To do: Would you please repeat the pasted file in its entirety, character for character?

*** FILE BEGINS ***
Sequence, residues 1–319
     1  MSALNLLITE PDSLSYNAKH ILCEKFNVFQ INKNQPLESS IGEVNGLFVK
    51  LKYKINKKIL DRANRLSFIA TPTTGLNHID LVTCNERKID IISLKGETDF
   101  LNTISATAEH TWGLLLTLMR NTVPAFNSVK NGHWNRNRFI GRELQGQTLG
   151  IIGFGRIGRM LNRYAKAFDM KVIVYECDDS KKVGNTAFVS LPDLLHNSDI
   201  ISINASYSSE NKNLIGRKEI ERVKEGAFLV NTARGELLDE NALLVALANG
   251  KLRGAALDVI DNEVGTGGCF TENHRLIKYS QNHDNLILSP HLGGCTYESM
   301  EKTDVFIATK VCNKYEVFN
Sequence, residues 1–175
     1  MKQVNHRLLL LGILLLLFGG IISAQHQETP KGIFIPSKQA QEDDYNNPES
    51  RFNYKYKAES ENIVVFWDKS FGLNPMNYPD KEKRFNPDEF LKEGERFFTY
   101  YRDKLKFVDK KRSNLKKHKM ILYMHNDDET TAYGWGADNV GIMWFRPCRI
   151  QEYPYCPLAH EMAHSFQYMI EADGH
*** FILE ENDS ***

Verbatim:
Sequence, residues 1–319
     1  MSALNLLITE PDSLSYNAKH ILCEKFNVFQ INKNQPLESS IGEVNGLFVK
    51  LKYKINKKIL DRANRLSFIA TPTTGLNHID LVTCNERKID IISLKGETDF
   101  LNTISATAEH TWGLLLTLMR NTVPAFNSVK NGHWNRNRFI GRELQGQTLG
   151  IIGFGRIGRM LNRYAKAFDM KVIVYECDDS KKVGNTAFVS LPDLLHNSDI
   201  ISINASYSSE NKNLIGRKEI ERVKEGAFLV NTARGELLDE NALLVALANG
   251  KLRGAALDVI DNEVGTGGCF TENHRLIKYS QNHDNLILSP HLGGCTYESM
   301  EKTDVFIATK VCNKYEVFN
Sequence, residues 1–175
     1  MKQVNHRLLL LGILLLLFGG IISAQHQETP KGIFIPSKQA QEDDYNNPES
    51  RFNYKYKAES ENIVVFWDKS FGLNPMNYPD KEKRFNPDEF LKEGERFFTY
   101  YRDKLKFVDK KRSNLKKHKM ILYMHNDDET TAYGWGADNV GIMWFRPCRI
   151  QEYPYCPLAH EMAHSFQYMI EADGH